So, what should society do now? It could start with the Education Ministry's lack of response to the National Education Commission's proposals with regard to adding improved literary programmes, such as dance, fine arts and poetry, into the national curriculum. This integration is a good place to start. Furthermore, if Bangladesh is able to bring together private and public stakeholders under one roof, and make volunteering hours mandatory across primary and secondary schooling through formal partnerships, it will surely provide a holistic environment for students to experience public service and community engagement. The Canadian model of active learning, is an area in which our education ministry can acclimatise with experimentation. It is impossible for a country like Bangladesh, with weak and volatile public institutions, to completely change its style of academia. As such, the changes must come from within the existing structure. Focussing on the arts, allowing entrepreneurship to bloom at an early stage through participation in social business programmes or cleaning the Buringanga river as part of an academic process, will not only push students towards learning from and with each other, but make them the kind of citizens we need in order to address the long-term problems of population growth, environmental change, radicalism and youth unemployment. When someone of Dr Anisuzzaman's stature suggests that examinations should be scrapped at the primary level, let us at the very least, pay heed and analyse such questions in broader depth.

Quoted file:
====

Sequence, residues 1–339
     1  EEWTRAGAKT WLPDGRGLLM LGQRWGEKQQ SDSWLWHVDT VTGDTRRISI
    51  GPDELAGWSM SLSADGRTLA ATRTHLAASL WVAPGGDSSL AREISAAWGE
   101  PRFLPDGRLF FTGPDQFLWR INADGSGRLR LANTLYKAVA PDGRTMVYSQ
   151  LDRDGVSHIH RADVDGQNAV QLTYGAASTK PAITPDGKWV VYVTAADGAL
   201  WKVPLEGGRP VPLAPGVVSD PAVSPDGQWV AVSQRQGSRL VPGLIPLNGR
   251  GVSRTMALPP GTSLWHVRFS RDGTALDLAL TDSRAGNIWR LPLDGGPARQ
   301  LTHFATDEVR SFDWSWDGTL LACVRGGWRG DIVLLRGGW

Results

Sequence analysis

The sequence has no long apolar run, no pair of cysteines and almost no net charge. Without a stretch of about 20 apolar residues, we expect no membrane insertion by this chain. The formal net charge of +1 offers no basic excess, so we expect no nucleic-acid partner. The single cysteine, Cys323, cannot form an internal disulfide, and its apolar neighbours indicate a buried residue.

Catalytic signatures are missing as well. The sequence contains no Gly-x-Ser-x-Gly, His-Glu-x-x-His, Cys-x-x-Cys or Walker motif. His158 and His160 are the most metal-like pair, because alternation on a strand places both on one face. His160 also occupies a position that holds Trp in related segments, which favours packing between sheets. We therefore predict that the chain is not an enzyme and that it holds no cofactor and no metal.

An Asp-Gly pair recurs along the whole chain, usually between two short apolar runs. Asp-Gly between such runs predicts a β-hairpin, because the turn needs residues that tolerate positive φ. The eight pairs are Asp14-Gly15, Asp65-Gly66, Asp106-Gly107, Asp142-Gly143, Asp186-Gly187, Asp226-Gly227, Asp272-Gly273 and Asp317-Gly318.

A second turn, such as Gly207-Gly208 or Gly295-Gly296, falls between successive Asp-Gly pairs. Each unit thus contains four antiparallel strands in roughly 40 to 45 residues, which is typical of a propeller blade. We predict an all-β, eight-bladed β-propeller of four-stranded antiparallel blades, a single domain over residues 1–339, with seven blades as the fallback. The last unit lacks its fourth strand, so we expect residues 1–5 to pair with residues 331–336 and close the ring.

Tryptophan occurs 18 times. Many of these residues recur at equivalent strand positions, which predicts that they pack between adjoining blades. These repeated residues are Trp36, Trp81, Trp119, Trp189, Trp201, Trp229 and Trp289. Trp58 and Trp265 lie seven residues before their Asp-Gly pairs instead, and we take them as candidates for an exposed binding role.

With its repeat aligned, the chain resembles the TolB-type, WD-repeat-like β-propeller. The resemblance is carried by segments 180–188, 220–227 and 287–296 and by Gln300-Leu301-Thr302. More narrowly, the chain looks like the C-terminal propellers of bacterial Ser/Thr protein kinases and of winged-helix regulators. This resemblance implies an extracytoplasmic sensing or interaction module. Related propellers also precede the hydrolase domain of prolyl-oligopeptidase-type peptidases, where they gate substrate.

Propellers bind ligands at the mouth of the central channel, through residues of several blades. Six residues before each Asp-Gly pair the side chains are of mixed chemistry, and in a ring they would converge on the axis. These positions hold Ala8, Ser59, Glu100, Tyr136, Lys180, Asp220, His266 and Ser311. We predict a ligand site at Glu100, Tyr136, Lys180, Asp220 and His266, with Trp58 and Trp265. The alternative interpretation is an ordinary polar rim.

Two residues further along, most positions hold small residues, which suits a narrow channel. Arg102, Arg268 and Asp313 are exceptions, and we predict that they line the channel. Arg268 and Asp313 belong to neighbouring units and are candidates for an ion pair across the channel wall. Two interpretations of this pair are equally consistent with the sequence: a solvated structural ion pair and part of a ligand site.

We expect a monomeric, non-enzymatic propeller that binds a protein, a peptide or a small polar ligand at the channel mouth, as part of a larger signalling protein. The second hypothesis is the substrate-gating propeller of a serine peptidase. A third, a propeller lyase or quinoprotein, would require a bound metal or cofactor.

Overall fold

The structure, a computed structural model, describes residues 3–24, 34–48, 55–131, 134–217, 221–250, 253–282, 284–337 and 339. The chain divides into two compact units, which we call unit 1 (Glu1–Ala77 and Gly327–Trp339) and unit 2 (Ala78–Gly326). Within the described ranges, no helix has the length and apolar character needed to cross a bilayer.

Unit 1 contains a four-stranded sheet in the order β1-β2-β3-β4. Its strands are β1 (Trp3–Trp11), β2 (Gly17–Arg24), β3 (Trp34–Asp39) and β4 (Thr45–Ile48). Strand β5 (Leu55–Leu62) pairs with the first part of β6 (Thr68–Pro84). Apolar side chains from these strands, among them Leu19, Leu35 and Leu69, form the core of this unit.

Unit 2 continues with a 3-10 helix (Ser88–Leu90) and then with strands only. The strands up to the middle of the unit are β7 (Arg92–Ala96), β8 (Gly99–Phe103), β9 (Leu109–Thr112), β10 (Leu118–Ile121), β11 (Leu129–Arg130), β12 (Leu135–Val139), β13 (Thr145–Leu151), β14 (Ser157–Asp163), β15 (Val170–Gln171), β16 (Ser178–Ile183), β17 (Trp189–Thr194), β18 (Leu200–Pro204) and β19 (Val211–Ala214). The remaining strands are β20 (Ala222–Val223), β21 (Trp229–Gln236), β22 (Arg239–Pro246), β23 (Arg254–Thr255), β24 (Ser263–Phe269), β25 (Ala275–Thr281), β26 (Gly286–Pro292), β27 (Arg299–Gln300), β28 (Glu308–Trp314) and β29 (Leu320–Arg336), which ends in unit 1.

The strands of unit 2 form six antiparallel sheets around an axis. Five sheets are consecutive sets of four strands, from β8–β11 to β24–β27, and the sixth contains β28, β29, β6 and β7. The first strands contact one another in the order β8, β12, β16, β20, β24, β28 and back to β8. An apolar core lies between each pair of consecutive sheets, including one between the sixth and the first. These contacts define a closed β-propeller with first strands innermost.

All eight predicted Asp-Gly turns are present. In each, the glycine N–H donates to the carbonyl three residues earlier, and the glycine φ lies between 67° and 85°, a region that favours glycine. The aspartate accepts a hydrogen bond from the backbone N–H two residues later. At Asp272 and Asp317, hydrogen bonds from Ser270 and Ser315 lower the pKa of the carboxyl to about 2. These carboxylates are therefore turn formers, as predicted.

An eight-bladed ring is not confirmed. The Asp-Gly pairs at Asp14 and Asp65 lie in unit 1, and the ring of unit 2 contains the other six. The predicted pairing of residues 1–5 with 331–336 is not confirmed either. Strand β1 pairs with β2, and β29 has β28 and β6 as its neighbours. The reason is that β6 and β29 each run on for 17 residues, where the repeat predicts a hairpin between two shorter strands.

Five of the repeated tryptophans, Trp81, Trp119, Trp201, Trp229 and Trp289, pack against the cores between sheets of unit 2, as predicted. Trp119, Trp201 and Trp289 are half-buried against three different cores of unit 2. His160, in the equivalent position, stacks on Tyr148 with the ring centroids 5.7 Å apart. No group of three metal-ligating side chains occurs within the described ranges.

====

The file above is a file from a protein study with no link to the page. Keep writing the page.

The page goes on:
The present government has done outstanding work in taking education to the children of this country over the last decade. Bangladesh has come a long way from the days when the government sought to integrate more rural girls into the schooling system in the 1990s. From the perspective of political parties, emphasising educational growth is a political and social reality. Rural or urban, rich or poor, most parents desire that their children get a better education than they did. But we need a collective realisation, both from the state and society, that the kind of approach we are taking towards education is morally, structurally and systematically flawed.

The reason why young students in Canada take an interest in public life is because of how the system grooms them. We need to groom our children to be leaders in their communities, let them experiment, fail and learn. We need to assist them in enhancing their thinking capabilities beyond the confines of textbooks, classrooms and examinations. It means little to nothing for students to get a piece of paper with a Golden GPA, neither does not being able to do so, mean the end of the world. Bangladesh is at a critical juncture in its story towards a Shonar Bangla. One hopes that we take the right steps in the right directions with the right attitude, and not merely politicise the future of this country.

Mir Aftabuddin Ahmed is a student of Economics and International Relations at The University of Toronto

Email: [email protected]